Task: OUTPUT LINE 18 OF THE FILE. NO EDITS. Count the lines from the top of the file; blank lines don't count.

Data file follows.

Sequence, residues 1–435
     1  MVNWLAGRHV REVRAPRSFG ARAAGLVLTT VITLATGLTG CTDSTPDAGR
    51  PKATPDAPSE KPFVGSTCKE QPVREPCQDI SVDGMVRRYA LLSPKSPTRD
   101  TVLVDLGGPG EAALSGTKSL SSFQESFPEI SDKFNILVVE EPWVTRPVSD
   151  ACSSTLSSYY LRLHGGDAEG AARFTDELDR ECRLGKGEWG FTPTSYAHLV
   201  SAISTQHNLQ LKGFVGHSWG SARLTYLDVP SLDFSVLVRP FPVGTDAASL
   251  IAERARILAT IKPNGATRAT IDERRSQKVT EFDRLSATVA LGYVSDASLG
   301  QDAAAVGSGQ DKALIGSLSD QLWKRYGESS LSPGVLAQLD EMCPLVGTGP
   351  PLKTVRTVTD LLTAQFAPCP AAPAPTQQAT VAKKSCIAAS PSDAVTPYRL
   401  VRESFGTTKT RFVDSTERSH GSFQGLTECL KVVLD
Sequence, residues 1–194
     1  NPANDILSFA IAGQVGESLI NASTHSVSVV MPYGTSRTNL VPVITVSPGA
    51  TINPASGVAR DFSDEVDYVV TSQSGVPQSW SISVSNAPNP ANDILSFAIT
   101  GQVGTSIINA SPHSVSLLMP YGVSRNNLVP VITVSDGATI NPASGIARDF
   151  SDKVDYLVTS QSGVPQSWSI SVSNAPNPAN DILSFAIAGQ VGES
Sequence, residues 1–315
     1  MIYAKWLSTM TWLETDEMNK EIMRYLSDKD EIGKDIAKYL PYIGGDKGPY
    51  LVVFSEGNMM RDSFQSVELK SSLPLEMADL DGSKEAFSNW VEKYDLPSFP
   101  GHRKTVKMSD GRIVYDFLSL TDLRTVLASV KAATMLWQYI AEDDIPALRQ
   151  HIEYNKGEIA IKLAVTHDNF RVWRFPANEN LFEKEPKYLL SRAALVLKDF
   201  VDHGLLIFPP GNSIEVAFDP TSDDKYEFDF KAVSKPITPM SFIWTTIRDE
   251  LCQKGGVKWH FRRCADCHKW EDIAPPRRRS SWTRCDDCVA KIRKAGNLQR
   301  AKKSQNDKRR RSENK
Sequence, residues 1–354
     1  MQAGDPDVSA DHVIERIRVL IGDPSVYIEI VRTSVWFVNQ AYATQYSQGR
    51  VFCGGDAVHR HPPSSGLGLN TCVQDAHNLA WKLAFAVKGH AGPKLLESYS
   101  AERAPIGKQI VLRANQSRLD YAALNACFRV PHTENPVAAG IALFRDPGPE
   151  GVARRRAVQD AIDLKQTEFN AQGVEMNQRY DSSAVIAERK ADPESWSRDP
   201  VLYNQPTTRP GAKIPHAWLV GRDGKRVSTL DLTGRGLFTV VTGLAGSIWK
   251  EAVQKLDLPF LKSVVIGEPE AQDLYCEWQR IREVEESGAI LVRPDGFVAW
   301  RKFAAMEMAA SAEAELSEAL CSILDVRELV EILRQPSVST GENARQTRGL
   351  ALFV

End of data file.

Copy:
    51  LVVFSEGNMM RDSFQSVELK SSLPLEMADL DGSKEAFSNW VEKYDLPSFP